Day 61: Bill Ford

William “Bill” Ford

Montgomery, AL, United States

My actual first thought, when asked to create a piece depicting my personal notion concerning peace, was centered on one of my favorite past times – bass fishing. An image of my bare feet, chilling on the bank of a pond, brewski by my side, soaking in the sights and sounds of nature. Eventually, it occurred to me that my concerns needed to be more expansive, that I had to widen my scope. The passing of my fellow Alabaman, Congressman John Lewis, and his lifelong struggle for equality for ALL Americans and his words are the source of my inspiration.

Congressman Lewis was one of the leaders of the 1965 Selma to Montgomery March. He was brutally beaten, but undeterred, he completed the march – and in doing so, galvanized the country and the world with the efficacy of nonviolent protest. The marchers are depicted at the lower-left – marching out of the golden era of civil rights in America, and the young John Lewis (as he was during the march) is depicted with the U.S. Capitol in the background, where he left an enduring legacy in his career spanning four decades. The background is composed of tiled lotus blossoms – a flower with great spiritual significance – representing enlightenment, purity, love, compassion, and the superiority of spirit over knowledge and intelligence. The quote is one of Lewis’ own – with a challenge to us all in seeking the attainment of peace.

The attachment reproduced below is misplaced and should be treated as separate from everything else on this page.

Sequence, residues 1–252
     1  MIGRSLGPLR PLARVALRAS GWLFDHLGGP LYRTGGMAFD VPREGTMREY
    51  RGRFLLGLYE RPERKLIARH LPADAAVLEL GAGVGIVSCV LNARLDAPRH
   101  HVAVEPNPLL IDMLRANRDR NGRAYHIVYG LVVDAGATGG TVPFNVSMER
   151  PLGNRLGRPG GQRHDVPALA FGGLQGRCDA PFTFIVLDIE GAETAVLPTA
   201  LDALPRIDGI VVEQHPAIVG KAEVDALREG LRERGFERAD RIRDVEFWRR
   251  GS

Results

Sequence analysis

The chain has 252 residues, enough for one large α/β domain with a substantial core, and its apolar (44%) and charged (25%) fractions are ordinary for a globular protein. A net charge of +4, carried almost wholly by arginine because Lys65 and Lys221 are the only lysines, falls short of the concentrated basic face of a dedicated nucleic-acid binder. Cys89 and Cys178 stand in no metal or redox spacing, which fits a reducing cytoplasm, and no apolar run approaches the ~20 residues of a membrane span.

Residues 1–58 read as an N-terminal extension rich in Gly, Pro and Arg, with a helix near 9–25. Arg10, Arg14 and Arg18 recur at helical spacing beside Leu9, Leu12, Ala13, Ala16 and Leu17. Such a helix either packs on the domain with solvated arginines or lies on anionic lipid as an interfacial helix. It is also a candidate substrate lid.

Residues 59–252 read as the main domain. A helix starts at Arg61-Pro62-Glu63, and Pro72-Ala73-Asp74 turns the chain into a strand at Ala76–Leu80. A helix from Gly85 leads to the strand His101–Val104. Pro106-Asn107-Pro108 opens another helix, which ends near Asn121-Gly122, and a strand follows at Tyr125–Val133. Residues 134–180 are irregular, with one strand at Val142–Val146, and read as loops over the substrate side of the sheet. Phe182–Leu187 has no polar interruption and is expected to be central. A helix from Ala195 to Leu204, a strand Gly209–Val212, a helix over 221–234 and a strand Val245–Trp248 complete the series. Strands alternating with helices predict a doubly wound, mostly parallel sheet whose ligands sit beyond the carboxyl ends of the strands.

William R. “Bill” Ford, Jr. is a Montgomery native and a visual artist. In addition to his current post as president of the Montgomery Arts Council, he’s vice-president of the Patrons Board of Directors at the Alabama State University National Center for the Study of Civil Rights and African American Culture, president of the St. Jude’s Alumni Association and a member of the board of directors for the Montgomery Museum of Fine Art, as well as the F. Scott and Zelda Fitzgerald Museum.

Commissions for his work include “Triptych: Celebration at the Altar in the Valley of the Kings,” a piece created for the 2011 Jubilee Cityfest. A mural installation commemorating the anniversaries of the Montgomery Bus Boycott and the Selma to Montgomery March at the Rufus L. Lewis Public Library. In 2019, Bill was one of two artists chosen to commemorate Montgomery’s Bicentennial Celebration by designing a wrap for a city bus to be displayed for two years. He capped off the year by unveiling four 8’x11′ murals in the rotunda of the Julia Hampton Morgan Library Branch in downtown Montgomery depicting the 200-year history of the city.

Bill is single, has a lovely daughter and a twenty-one-year-old grandson.  He spends his downtime reading, playing Scrabble, bass fishing, following college sports, and is a self-avowed “sci-fi movie geek.”


Let us all allow the words of Congressman John Lewis be our challenge. Activate and mobilize for change so that every individual is treated with respect and given the opportunity to pursue peace and happiness according to their desires.

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